would look clumsy during our movements and they would appear segmented or robotic. Timing and speed are
obvious during a game of soccer or when a baby is learning to walk and then can't stop because he's using
momentum! Also, proprioception deals with grading movements such as when you pick up an item you think will
be heavy, but it was light-weight. If your body didn't correct for this, the item would go flying across the room. Kids
with problems with proprioception may break toys, crayons, and pencils accidentally. They may also be messy
eaters and known as a "Dennis the Menace" or an "accident waiting to happen".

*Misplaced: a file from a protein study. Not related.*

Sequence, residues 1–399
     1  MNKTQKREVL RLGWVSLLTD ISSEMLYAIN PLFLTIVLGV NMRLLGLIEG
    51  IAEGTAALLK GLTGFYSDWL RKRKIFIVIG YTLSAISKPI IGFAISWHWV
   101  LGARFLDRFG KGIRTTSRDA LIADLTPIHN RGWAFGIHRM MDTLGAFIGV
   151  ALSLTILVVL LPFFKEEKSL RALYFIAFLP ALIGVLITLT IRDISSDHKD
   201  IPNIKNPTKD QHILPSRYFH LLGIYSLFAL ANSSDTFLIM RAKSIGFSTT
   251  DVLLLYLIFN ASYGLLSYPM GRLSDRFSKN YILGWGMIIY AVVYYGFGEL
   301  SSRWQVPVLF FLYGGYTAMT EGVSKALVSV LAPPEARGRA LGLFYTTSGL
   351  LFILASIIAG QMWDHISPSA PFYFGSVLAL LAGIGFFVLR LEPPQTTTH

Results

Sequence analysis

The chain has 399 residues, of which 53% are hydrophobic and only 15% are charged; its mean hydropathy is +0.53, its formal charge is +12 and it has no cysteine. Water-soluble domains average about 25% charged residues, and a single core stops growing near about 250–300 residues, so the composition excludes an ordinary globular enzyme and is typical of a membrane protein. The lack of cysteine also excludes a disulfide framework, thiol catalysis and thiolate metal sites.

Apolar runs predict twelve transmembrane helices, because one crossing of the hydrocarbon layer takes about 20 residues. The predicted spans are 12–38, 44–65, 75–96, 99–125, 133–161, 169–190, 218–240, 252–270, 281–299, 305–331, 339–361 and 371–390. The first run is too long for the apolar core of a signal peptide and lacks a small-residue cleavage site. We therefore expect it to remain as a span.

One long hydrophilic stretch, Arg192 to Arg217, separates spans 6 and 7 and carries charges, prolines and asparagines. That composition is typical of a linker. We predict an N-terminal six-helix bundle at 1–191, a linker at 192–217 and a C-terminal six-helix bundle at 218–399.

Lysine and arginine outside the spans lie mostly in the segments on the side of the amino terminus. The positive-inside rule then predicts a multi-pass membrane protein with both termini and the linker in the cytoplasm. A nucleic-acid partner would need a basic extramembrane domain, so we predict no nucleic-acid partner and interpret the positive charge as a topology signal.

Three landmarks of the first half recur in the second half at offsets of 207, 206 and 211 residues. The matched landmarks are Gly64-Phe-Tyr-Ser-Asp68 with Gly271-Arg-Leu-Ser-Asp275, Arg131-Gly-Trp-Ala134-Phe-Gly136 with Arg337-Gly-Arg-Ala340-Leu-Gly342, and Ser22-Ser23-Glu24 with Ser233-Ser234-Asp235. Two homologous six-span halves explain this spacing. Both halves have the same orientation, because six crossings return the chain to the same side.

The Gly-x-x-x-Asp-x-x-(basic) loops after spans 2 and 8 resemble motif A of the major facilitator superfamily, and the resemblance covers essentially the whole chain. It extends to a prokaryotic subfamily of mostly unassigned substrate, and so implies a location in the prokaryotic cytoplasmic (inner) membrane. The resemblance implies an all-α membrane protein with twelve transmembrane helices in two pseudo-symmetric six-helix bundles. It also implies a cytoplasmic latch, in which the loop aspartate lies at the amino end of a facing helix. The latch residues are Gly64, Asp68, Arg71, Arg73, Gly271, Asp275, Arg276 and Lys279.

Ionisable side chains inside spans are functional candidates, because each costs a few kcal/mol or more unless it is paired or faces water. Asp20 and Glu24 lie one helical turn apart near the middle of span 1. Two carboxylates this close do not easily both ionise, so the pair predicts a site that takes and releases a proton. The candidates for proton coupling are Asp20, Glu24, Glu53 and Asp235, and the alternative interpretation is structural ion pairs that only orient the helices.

Proprioception is the information from throughout our bodies that effectively locates us in space. It is what
enables us to move, grasp, lift, run, talk etc.

Essentially it is the sensory messages that are sent to our brain from throughout our bodies from Muscle, Tendon,
Ligament and Joint sensors. These sensors (ie. Golgi Tendon Organs), inform our brain of the amount of tension
in a particular muscle, how much stress a tendon or ligament is under, and what position a particular joint is in.
This allows our brain to "locate" our body in space, or to put it more simply, it is our positioning system.

   http://www.wobbleboard.co.nz/default.asp for a simple but effective resource
   So, where are the receptors for proprioception? All throughout your body, but especially at your joints,
   muscles, and also within your vestibular system (sense of balance and motion within the inner ear)

   Below are some suggestions on promoting a good sense of proprioception in babies and toddlers: